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Women's LPGA

Why Don’t Brands Support the LPGA Like They Do the PGA?

Augusta. Amen Corner. It’s the most famous spot on the most famous golf course in the world. Here, PGA prayers are answered or ignored. It’s where the Masters is won. Or lost.

Nearby, across Rae’s creek, is Augusta Country Club’s ninth fairway. It is where the Titleholders, the first major tournament of the LPGA season, was played until 1966.

So close. Yet so far away. Like the divide between the LPGA and PGA in terms of sponsorship, prize money and media attention.

Women's LPGA

How Did It Happen?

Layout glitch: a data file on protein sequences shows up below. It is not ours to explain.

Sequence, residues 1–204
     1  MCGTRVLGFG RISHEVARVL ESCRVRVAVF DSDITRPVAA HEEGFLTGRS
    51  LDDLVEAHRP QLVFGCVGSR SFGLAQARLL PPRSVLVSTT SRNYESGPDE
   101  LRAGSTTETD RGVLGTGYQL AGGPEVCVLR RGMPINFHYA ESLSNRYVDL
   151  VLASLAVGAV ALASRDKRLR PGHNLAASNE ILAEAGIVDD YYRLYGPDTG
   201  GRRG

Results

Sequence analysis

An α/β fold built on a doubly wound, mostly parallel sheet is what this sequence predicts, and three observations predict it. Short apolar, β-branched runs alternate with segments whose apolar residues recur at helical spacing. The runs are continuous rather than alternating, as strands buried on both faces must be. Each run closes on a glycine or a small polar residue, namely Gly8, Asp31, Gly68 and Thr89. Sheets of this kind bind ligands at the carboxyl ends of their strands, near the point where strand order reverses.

Flashback: 1947. Babe Didrikson Zaharias wins the Titleholders. Her prize? $300. Seven days later, Jimmy Demaret wins the Masters. His haul? $2,500. Her total earnings, as leading money winner in 1948, were $3,400.

By 1950, the best female golfers were so frustrated they formed their own tour—the LPGA. 14 years later, the equal pay act became law.

By 1973, not much had changed… In golf. In tennis, Billie Jean King helped get equal pay for women at the US Open. By 2007, all four major tennis tournaments had followed suit. Look at tennis now. Female tennis players are stars, and sponsors flock to them.

The USGA, on the other hand, isn’t moving far enough. Or fast enough. Unlike tennis, they don’t see the huge business potential of the LPGA. If the USGA makes prizes equal, then media attention and sponsorship will follow. Like tennis.

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